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Whose Stories?

Whose Stories?

Seven Stories - The National Centre for Children’s Books - is launching Whose Stories?, a podcast focusing on diversity and representation in children’s books and the role of literary archives in documenting and interrogating this pressing issue.

Whose Stories

The podcast launched on Windrush Day (22nd June) and highlights the invaluable contributions writers of Caribbean descent have made to the landscape of British children’s literature.

This limited series of three fortnightly podcasts is commissioned and supported by the Vital North Partnership, a strategic partnership between Seven Stories and Newcastle University. Whose Stories? will see authors, illustrators, academics, changemakers, and archivists come together to talk about why building a truly representative national archive of children’s books is so critical, and to put a spotlight on issues of diversity and representation in children’s literature and its history within these contexts.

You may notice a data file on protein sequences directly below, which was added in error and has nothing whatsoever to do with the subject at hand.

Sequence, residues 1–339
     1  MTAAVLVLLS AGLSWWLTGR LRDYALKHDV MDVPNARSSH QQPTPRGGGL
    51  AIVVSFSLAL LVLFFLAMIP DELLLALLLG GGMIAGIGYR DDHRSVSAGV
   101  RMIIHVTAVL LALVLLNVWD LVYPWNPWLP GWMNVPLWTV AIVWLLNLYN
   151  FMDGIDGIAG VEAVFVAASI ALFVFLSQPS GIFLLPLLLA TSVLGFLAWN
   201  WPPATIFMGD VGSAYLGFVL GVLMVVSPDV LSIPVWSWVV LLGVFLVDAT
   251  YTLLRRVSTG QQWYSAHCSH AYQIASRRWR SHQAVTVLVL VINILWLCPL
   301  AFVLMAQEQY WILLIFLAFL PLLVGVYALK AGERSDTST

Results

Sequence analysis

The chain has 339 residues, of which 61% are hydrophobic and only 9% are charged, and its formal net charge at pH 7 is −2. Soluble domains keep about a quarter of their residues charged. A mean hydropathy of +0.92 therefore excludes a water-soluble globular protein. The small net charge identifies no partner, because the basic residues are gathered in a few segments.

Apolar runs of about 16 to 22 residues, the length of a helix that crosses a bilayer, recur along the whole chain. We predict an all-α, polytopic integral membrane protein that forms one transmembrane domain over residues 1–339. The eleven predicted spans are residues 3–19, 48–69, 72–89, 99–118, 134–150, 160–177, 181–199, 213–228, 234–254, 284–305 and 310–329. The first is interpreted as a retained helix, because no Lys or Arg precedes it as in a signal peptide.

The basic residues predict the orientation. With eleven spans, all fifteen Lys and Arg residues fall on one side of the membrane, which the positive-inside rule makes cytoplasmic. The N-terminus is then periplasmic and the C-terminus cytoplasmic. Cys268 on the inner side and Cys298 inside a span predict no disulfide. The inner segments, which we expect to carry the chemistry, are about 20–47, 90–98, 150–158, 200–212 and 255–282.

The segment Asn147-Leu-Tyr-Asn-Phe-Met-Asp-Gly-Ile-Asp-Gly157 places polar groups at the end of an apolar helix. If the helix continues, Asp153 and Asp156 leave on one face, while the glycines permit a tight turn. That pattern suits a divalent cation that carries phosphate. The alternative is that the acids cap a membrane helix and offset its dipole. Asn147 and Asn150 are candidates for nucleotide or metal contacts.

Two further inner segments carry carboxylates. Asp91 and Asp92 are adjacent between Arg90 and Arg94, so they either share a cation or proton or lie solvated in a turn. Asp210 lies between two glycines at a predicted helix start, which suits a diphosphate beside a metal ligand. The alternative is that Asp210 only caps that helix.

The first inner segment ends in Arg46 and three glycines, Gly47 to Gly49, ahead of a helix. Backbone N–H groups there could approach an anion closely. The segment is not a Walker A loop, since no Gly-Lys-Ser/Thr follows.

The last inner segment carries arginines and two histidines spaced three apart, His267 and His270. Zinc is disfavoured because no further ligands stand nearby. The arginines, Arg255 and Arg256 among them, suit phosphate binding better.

This podcast forms part of Seven Stories’ wider Windrush Programme, which seeks to inspire children of Caribbean heritage to see themselves both represented within British literature, and as writers of the future.

Whose Stories? has grown out of the research collaboration between Professor Karen Sands O’Connor (Newcastle University), British Academy Global Professor of Children's Literature, and Seven Stories: “The podcasts represent several years of partnership between Seven Stories, Newcastle University, and me to broaden both the archival collections at Seven Stories and the wider public understanding of the role of Black British children's literature in the national culture. The range of voices present in this podcast - from academics to authors to teachers, librarians and children - demonstrates a commitment to bringing the best books and the joy of reading to all children.”

You can listen to the podcast here.

Faculty of Humanities and Social Sciences